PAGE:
Permitted vehicle size:  is limited to 9’ high, 7’ wide, and 22’ long for single units or 44 feet long for combined units. Motorcycles, motorized trail bikes, and ATVs are not allowed. Baxter State Park publishes a downloadable Road Map for visitors.

Location/Directions:  Enter at the Togue Pond Gatehouse (southern entrance) or Matagamon Gatehouse  (north entrance). Togue Pond Gatehouse is the more popular entrance (Directions below). 

  • Travel on I-95 to Exit 244; turn west on Route 157 and travel through Medway, East Millinocket and Millinocket. Proceed through both traffic lights in Millinocket. (If you wish to stop at Park Headquarters, it is near McDonalds at the first traffic light in Millinocket.) 
  • Bear right at the three-way intersection after the second traffic light in downtown Millinocket. 
  • Bear left at the next “Y” intersection, staying on the main road. Route 157 ends in Millinocket, and the road to Baxter State Park has many names: the Baxter State Park Road, the Millinocket Lake Road, or to locals, simply "the Lake Road." 
  • Eight miles from Millinocket, you will pass the Big Moose Inn and the Northwoods Trading Post on the right. 
  • Continue another 8 miles on a paved road to Togue Pond Gatehouse.

Parking at Baxter/DUPR:  If you are visiting for the day, I highly recommend taking advantage of the Day Use Parking Reservation (DUPR), meant to assist day use Park visitors who wish to hike Katahdin by providing the assurance of access to a Katahdin trailhead.

Check or call the reservation office about how to secure your Day Use Parking Reservation. (Except for Katahdin access parking lots, all other parking lots are first come first serve). Reservation Office (207)-723-5140

Here's how the DUPR system works:  For DAY USE ONLY. Campers DO NOT need a DUPR.
Maine residents may make a DUPR for any time in the summer season (June 1-Oct 15th) starting as early as April 1 (must have a Maine driver's license and registration). Non-residents can make a DUPR 2 weeks or less prior to the date of their intended hike. A maximum of 3 DUPR’s only may be made each month (any combination of trailheads) for Maine and non-Maine residents. The fee for a DUPR is $5.00 Check the current status of DUPR and make a reservation at DUPR calls will be accepted until 2:55pm on the day before you wish to hike Katahdin (subject to availability).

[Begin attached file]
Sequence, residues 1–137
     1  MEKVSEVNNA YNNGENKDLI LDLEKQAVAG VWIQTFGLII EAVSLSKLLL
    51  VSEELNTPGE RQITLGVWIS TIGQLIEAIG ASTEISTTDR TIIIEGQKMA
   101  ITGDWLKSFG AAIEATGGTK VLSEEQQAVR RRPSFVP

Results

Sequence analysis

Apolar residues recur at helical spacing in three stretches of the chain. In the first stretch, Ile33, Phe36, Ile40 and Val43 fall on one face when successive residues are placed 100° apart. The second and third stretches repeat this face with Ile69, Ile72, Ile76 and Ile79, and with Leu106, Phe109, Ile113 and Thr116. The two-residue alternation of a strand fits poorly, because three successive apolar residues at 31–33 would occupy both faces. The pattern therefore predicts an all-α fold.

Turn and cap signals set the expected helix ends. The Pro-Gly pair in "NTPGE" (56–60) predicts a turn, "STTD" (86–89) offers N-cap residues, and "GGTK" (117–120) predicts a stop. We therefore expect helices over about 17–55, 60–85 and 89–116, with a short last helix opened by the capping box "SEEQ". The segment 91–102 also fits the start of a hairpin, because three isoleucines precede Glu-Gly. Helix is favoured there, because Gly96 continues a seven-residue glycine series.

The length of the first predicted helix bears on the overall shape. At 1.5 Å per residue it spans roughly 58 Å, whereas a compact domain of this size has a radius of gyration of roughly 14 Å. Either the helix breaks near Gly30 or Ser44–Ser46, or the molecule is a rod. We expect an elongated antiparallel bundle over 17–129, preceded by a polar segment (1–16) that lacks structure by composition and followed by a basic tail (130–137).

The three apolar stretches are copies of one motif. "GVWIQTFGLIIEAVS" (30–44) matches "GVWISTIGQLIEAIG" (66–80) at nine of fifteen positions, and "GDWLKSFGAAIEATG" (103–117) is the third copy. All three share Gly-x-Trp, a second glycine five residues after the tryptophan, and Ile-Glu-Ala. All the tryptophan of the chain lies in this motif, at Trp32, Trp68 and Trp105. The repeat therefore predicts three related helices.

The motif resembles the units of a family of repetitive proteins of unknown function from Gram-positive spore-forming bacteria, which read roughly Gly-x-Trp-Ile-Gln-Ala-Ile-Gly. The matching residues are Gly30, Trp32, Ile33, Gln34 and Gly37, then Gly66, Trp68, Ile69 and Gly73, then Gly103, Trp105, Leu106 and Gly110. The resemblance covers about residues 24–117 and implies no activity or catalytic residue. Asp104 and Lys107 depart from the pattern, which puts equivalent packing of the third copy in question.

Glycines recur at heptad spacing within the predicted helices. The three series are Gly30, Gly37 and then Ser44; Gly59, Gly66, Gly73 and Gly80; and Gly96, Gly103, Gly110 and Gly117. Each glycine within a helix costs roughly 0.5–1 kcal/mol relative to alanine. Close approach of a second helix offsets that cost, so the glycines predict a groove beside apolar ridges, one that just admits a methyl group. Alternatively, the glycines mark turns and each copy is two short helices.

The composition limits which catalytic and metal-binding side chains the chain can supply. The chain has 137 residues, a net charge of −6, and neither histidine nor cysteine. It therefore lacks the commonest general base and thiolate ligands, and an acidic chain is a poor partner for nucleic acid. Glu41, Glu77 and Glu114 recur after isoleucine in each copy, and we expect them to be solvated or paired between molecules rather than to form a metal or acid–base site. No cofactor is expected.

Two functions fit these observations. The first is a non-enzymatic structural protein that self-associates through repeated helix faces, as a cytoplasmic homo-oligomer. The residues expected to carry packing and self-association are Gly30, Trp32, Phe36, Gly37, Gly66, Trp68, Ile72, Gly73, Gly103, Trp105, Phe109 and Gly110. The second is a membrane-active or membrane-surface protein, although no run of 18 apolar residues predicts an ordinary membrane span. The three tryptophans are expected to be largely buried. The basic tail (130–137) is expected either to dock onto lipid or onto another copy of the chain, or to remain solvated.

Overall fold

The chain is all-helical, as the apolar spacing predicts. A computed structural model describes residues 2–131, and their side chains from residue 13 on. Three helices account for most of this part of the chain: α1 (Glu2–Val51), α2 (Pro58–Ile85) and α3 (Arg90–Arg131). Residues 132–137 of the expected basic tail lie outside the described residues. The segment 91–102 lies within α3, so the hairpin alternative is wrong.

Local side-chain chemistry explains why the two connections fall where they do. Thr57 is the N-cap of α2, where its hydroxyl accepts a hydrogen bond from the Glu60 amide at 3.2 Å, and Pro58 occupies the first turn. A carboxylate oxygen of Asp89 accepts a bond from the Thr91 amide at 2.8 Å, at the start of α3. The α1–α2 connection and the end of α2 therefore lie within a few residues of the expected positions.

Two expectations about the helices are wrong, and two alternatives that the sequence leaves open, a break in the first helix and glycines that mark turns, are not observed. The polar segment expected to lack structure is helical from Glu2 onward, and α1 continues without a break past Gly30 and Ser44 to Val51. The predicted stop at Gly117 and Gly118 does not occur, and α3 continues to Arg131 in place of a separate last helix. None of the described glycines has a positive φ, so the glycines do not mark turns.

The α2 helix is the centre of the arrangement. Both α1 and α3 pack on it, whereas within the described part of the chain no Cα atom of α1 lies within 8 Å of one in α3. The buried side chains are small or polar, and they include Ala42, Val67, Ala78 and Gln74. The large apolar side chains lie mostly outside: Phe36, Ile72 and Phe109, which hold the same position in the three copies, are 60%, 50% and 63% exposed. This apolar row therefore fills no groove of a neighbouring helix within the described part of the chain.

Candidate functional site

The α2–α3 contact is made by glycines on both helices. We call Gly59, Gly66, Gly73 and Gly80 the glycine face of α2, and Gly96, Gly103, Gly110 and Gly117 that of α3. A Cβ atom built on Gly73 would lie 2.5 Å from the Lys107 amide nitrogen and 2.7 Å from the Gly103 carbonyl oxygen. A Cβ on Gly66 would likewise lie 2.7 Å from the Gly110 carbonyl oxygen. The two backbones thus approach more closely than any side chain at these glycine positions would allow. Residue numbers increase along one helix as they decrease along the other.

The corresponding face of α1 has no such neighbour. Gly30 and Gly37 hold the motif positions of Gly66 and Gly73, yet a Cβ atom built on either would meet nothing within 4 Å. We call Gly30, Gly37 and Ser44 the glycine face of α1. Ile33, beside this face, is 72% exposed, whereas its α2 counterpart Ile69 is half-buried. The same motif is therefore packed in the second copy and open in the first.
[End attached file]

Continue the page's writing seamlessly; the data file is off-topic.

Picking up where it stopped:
Unreserved parking spaces will be filled on a first-come, first-serve basis as soon as the Togue Gate opens at 6:00 am.  The parking lot was filled at Katahdin Stream by 7am. 

Katahdin Stream Campground Entrance

Camping at Baxter State Park
Generally speaking here in the U.S.  campgrounds come in a large range of varieties.  There are the huge KOA’s that have everything from a dog park to a restaurant, to small hike-in-only with virtual zero amenities tucked away in the woods. It’s really nice when you find a campground that hits a perfect balance of what you need and what you don’t.  For us, the campgrounds in Katahdin are that.  Fire pits, picnic tables, bathrooms, a ranger station with fire wood, a beautiful babbling creek.  Everything we needed, and nothing we didn’t.  It’s a small campground so there are no crowds and best yet no kids (sorry families).  Beware, there is no potable (or running) water and all you have to pack out all your own garbage.  

Reservation only:  Camping is permitted by reservation only and only in authorized campgrounds and campsites, as specified by the Park, May 15 through October 22, and December 1 through March 31. 

Gate Times/Check in/Out:  Campers must register at the gatehouse no later than 8:30 p.m. - I repeat you must be at the front gate by 8:30 or you will not be allowed to your Site.  Checkout time is 11:00 a.m., and check-in time is 1:00 p.m. 

Our site at Katahdin Streams Campground

Number of sites: 12 lean-tos/9 tent sites/3 group sites at Foster Field (site #1 holds 12 people, site #2 holds 13 people, site #3 holds 25 people).  Tents are not permitted outside of lean-tos at lean-to sites. 

Dates: Open 5/15 - 10/15.

Booking a Site: The thing with these campgrounds is they have to be booked far in advance.  I am talking four months out far.  Rolling reservations are accepted four months out from the day of your first night.  What this means is to book a site for August 25 to 27th, I had to be online April 25 to secure that registration.  Alarm set, don’t forget.  While this may seem a little tedious, what it does mean is small intimate campgrounds tucked in the woods with limited campsites.   

Registering:  Easy as you can do it all online on their system.  You can also call them to make your reservation.  Reservation Office  207-723-5140  Winter M-F, 8am-4pm | Summer 7 days/week, 8am-4pm

Day Use Area at KSCG

Getting to Katahdin Stream CG:  From the Togue Pond Gate (south entrance) to Baxter State Park drive west/northwest 8 miles on the Baxter State Park Tote (Nesowadnehunk) Road to the Katahdin Stream Campground entrance. Then go .1 mile up the driveway on your right. Allow 30 minutes for the 8 mile drive from the Togue Pond Gate as this is dirt road.   Link to CG Map